SFBARS MOSAICS:  The Missing Link?  By Patricia T. Leiser

Over a number of years living, studying and traveling in the Mediterranean and Islamic worlds, often visiting classical sites and museums by day and rug shops at night, I have at times been struck by a resemblance between Roman mosaics and oriental carpets.  At first, this seems surprising as the former are composed of hard immovable stone and the latter of flexible, portable fabric.  Furthermore, the two are  apparently separated in time by one or two thousand years, and belong to two distinctly different cultural traditions [1].  Do their similarities arise then simply from the functional coincidence that they both serve as decorative floor coverings, or is there some direct connection?

Carved threshold slabs in Assyrian palaces appear to be stone reproductions of textiles or carpets of which the oldest complete pile carpet, the Pasaryk rug, would seem to derive [2].  Were classical mosaics likewise modeled on contemporary weavings of the time whose legacy could have been carried on in later kilim tapestries and pile carpets?  Or could these later weavings have been influenced, even if indirectly, by the patterns in the mosaics?  Many scholars have noted similarities between rugs and mosaics [3], while a contrary view warns that apparent resemblances are just as likely to be independent developments of motifs [4].  In order to determine the extent of the similarities and if they are "genetic" and have a direct relationship and/or a common source, I have made a preliminary survey comparing and contrasting Greco-Roman and Byzantine mosaics with traditional kilim and carpet designs.  I restricted myself primarily to Turkey and began by focusing on border patterns, a conservative decorative device shared by all three [5].

From this study have come some surprising findings that lead in some unexpected directions.  The analysis and conclusions are based on a number of principles that I believe are critical for understanding the transfer and development of decorative patterns.  Classic mosaic borders imitated numerous woven or decorative textile designs, some of which are also found in kilims and carpets.  Many mosaics, however, also copied or imitated the geometric patterns of the more valuable and prestigious opus sectile marble marquetry pavements that saw a renaissance under the Byzantines, and many of these same patterns also appear in carpets.  Textiles of the Byzantine era also incorporated these opus sectile patterns and their influence, in combination with a variety of textile motifs, can be seen not only in weavings of the Mediterranean Islamic world, but also in Central Asia.

1.  In reference to the theory that the carpet originated in urban centers, the
M. Eilands JR. & III describe it as "something on the order of a portable mosaic." Oriental Carpets; a complete guide (Boston, 1998) p. 14.
2.  David Stronach, "Patterns of Prestige in the Pazyryk Carpet: Notes on the Representational Role of Textiles in the First Millennium BC," in Oriental Carpet and Textile Studies (OCTS) if,ed. M.L. Eiland, Jr. (Berkeley, 1993), pp. 19-34.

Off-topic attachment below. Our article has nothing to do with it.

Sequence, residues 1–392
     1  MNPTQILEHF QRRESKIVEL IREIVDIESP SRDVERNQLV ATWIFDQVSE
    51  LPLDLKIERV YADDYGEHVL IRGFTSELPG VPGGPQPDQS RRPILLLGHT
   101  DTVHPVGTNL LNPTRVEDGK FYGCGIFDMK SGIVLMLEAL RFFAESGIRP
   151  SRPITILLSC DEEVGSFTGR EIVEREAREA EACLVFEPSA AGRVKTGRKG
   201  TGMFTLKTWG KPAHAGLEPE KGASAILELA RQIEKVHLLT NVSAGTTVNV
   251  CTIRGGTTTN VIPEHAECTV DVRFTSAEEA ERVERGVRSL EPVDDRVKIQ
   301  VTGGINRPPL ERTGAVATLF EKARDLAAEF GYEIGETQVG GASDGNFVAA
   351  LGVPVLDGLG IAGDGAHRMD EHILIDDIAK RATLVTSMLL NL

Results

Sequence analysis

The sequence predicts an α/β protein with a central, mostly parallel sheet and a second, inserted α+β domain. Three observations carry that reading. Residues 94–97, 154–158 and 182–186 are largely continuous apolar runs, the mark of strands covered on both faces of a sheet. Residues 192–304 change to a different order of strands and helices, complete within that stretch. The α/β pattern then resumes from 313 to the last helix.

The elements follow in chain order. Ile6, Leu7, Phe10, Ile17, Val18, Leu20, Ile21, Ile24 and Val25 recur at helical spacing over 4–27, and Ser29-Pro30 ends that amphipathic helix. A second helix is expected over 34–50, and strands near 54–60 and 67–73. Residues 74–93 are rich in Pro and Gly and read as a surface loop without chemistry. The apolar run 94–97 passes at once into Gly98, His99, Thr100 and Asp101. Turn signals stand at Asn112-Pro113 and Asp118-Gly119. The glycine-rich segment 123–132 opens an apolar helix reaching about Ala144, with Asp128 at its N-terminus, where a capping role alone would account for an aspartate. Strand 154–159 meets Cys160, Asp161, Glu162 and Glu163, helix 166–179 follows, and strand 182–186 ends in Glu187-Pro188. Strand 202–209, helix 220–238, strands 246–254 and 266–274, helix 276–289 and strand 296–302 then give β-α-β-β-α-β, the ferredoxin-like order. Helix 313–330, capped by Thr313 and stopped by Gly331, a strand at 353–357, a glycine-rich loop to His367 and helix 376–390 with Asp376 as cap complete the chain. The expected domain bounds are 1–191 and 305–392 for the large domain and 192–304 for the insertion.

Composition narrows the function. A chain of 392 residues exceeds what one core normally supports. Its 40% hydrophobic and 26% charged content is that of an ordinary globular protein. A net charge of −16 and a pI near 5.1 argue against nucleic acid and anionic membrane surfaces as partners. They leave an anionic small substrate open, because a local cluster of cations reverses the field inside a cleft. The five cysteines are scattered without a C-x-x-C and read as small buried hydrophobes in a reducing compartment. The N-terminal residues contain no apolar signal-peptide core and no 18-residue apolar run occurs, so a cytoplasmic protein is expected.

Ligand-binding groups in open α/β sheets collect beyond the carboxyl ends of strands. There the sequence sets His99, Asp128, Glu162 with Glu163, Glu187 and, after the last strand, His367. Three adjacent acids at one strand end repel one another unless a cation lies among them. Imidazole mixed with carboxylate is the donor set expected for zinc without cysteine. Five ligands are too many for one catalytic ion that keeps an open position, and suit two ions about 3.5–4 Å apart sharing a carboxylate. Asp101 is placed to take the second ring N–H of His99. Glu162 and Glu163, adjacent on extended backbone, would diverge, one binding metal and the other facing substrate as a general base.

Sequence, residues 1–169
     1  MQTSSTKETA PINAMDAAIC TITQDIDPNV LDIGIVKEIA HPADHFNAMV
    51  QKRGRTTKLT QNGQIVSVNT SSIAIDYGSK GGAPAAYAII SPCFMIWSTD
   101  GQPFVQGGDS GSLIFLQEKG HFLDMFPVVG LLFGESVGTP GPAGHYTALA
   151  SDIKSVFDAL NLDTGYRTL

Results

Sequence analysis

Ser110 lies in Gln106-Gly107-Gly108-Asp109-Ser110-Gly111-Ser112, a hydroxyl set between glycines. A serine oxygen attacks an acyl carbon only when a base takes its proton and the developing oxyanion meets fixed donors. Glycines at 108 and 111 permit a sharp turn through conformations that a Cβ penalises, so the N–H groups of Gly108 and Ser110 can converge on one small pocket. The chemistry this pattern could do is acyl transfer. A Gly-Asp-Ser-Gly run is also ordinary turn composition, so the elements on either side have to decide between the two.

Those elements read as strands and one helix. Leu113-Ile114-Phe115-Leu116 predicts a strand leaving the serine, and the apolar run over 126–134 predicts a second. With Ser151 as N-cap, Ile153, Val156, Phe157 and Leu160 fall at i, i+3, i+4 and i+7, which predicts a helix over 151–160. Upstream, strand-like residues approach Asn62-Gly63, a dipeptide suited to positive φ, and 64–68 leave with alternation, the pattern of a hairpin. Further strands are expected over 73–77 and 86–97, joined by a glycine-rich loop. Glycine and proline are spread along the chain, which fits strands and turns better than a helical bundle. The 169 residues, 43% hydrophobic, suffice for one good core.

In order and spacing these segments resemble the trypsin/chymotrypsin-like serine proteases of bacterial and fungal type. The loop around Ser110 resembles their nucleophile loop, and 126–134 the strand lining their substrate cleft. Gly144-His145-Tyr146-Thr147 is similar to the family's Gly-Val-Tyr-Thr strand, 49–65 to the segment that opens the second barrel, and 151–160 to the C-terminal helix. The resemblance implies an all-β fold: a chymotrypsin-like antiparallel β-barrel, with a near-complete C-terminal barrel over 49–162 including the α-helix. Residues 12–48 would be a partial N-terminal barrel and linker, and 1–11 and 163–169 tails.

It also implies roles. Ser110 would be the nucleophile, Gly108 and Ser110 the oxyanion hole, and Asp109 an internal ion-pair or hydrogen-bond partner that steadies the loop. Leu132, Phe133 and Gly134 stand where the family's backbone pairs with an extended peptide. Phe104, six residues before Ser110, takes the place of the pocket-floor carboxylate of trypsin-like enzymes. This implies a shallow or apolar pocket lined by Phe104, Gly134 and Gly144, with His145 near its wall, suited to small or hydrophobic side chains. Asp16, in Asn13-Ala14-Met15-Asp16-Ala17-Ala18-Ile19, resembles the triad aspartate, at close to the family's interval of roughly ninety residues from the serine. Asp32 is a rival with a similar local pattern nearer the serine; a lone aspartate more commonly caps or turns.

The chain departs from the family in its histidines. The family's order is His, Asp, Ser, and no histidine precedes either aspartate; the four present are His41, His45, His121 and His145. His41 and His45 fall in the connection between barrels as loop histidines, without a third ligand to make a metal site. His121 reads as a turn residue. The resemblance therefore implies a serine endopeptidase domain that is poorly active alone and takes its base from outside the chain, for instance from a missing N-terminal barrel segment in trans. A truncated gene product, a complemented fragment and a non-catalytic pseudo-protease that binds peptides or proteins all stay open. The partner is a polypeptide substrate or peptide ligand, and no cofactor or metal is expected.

3.  R. Pinner and M. Franses note similarity between Roman and later Egyptian fountains and 'Mamluk' carpets ("An East Mediterranean Carpet in the V&A," Hali, vol. 4 no. 1 [1981], p. 37; Dr. H. Bartels points out likenesses in "On the Origins of Anatolian Kilim Designs," OCTSI, 1985, p. 206.  V. Gantzhorn illustrates Roman and "post-Roman" mosaics in Cilicia and the Levant for early carpet designs (Les Tapis d'Orient, 1998, pp. 58-65).  Dr. Enderlein sees the resemblance between the border of a mosaic in Berlin, originally from Pergamon, and a kilim (cf. "Fragments," Hali, 68, April/May, 1993, p. 93.  Robert Pinner finds "Crivelli" rug medallion prototypes in a Sogdian textile from the Caucasus and Roman mosaics in Sicily and England ("The Crivelli Rug Medallion and the Turkmen Connection," OCTS IV, p. 245).  Carol Bier alludes to Roman mosaics in her discussion of fractal geometric patterns in rugs ("Elements of Plane Symmetry in Oriental Carpets," The Textile Museum Journal, 31, 1992, p. 54 & 60).  Tom Murray remarks on the resemblance between a second century AD Roman mosaic in a gallery in New York and the elusive geometric field patterns of many oriental carpets (Hali, 73, Feb./Mar. 1994, p. 71).

4.  L. E. Folgelberg, "Universality and Interrelationships of Certain Design Elements," OCTS VI pt. 1 (Danville, 1999).

5.  Sheila Campbell's Corpus of Mosaic Pavements in Turkey:  The Mosaics of Antioch (Toronto, 1988), The Mosaics of Aphrodisias in Caria (Toronto, 1991), The Mosaics of Anemurium (Toronto, 1998) have been a major resource for mosaics. the Turkish Ministry of Culture and Tourism's series  Turkish Handwoven carpets; catalog No. 1-5 (Ankara, 1987, 1988, 1990, 1990, 1995) and The Ministry of Culture's Anatolian Kilims, 1-2 (Ankara, 1995) published in memory of Guran Erbek are the primary source for traditional weavings.  It was he who first introduced me to kilims in Turkey and who was instrumental in this project to make available photographs of pieces from Vakiflar storage, museums, and private collections in order to provide patterns from the past for modern weavers and scholars.  I am also deeply indebted to Susan York, an artist whose experience with weaving and mosaics has also led her to wonder about a connection between them.  Her extensive library, slide collection and photographic assistance, plus many insights and guidance have been invaluable.